We came to the junction of the Pond Loop and headed north along the shore of the pond.  We soon came to a pretty spot on the shore with a bench (there are a number placed along the trails at strategic spots) and sat and enjoyed our lunch.  The temperatures had gotten quite warm and the cool breeze off the water felt wonderful.

The view across Tillinghast Pond from our lunch spot

Looking across the pond to the north shore and viewing platform

The area north of the pond has bog bridges, however the dry spring has made them quite unnecessary.  The trail here skirts hay fields that are leased to neighboring farms.  People that we met on the trail told us that this is a wonderful spot to come for sunset, with the sun going down over the trees beyond the fields.  They had pictures on their phone from one evening last week that were just stunning.  We'll be back soon to see for ourselves.

Bog bridges

Wood Anemone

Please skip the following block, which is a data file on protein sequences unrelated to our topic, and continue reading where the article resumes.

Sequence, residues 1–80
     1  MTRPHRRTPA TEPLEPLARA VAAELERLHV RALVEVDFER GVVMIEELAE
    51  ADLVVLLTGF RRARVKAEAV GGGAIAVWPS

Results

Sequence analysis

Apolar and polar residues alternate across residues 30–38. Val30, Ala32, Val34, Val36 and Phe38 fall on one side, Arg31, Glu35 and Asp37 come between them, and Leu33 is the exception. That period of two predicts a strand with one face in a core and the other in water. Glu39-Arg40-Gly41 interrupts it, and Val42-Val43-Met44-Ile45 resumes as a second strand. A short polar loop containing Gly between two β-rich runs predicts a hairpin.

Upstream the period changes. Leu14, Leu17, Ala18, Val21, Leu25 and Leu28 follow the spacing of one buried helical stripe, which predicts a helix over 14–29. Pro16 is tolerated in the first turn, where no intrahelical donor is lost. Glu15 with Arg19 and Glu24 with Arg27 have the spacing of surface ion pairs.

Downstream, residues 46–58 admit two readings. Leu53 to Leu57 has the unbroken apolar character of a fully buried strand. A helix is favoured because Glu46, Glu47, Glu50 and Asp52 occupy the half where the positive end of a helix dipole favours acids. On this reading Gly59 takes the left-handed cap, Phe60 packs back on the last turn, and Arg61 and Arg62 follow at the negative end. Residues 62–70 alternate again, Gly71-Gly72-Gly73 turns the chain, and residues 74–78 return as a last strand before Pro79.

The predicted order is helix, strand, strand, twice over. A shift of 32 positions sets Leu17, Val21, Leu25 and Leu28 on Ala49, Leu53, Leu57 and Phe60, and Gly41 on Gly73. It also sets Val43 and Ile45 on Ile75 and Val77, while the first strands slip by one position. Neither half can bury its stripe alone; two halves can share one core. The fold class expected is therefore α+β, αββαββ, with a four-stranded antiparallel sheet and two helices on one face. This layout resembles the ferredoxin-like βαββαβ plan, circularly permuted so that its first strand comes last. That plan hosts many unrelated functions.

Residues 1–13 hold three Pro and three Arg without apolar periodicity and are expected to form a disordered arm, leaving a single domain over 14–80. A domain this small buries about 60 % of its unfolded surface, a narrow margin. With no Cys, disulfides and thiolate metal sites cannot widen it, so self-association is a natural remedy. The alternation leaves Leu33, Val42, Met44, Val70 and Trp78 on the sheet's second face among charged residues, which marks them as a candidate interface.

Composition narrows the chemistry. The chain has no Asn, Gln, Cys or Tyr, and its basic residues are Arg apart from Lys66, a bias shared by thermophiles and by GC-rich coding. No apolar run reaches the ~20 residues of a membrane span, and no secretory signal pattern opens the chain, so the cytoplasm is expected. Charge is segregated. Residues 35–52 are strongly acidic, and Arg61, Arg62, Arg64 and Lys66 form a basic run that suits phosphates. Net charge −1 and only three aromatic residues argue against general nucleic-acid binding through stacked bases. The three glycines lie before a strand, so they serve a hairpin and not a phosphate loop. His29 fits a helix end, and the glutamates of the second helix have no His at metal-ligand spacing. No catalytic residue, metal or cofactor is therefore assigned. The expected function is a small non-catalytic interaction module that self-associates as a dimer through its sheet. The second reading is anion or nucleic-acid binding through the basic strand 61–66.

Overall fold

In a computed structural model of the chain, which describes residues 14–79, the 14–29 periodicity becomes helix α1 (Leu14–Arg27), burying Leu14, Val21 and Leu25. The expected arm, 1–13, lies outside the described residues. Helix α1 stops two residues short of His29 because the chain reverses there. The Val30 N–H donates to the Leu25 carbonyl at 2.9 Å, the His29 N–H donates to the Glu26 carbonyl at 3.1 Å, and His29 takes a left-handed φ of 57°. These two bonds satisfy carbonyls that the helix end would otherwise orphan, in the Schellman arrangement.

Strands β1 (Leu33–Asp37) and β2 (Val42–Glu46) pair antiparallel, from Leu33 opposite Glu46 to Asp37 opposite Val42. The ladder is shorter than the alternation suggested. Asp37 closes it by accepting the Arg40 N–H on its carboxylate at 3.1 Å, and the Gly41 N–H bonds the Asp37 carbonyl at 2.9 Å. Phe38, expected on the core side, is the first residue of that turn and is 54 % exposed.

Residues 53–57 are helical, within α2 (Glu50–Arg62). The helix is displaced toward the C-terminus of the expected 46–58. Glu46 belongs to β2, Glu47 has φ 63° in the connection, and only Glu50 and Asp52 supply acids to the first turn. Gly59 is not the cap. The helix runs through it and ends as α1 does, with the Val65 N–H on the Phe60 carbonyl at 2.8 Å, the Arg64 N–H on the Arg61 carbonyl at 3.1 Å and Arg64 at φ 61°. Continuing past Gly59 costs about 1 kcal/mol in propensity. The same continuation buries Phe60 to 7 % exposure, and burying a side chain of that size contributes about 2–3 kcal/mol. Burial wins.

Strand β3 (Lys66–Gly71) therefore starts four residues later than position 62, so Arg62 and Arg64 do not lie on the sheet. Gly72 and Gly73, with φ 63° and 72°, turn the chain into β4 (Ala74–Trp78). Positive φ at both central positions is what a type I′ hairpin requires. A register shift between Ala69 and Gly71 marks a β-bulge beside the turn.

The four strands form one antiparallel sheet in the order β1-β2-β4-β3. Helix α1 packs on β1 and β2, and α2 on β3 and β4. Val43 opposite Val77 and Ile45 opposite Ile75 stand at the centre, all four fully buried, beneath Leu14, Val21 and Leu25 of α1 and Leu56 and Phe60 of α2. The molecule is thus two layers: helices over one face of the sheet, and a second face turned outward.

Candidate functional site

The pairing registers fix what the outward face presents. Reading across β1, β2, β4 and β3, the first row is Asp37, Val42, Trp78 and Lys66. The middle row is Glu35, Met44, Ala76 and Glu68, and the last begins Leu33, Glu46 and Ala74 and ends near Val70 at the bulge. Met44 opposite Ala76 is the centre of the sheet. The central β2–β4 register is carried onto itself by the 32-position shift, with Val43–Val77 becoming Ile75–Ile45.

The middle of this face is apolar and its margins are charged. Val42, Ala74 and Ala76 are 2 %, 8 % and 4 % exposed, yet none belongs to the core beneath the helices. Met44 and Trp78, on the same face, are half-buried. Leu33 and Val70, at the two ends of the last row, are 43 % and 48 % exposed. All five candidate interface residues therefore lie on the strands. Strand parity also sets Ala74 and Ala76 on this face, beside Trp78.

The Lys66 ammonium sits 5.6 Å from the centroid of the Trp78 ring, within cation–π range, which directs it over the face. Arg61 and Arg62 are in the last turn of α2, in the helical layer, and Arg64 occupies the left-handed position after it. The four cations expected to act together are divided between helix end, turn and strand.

Wood Anemone (five petals?)

North shore of the pond

Hay fields with the reported sunset views

Viewing platform on north shore of the pond

Further along the north shore of the pond we skirted another hay field that was rimmed with virtual gardens of wildflowers!  What a beautiful spot.

Gardens of Bluets and Cinquefoil

Common Cinquefoil

Bluets

A field of flowers

This guy seemed to be very interested in the color of Nat's shirt

Wild Strawberry


Wild Cranberry ???

Blueberry blossoms

At the junction of the Coney Brook Loop trail we chose to skip the west shore of the pond (this time) and crossed the road to follow the Coney Brook Loop.  This loop leads through open fields and along another old farm, down into the woods along Coney Brook and then through an open area that is actively being logged (in partnership with the conservancy).  This trail has been open for less than a year and is still being established.  It is beautiful now and will only improve with time.

Blazes along the road at the crossing to Coney Brook Loop

Skunk Cabbages

Across the fields to the area now being logged

Pretty sturdy base for a railing!

White Violets on the edge of Coney Brook

Goldthread.
The only other time I've seen this is along the shore of Lakes of the Clouds!



The typical soft, pine needled trails.  Such a nice walk!

Blueberry blossoms.  There will be berries everywhere here in a couple of months!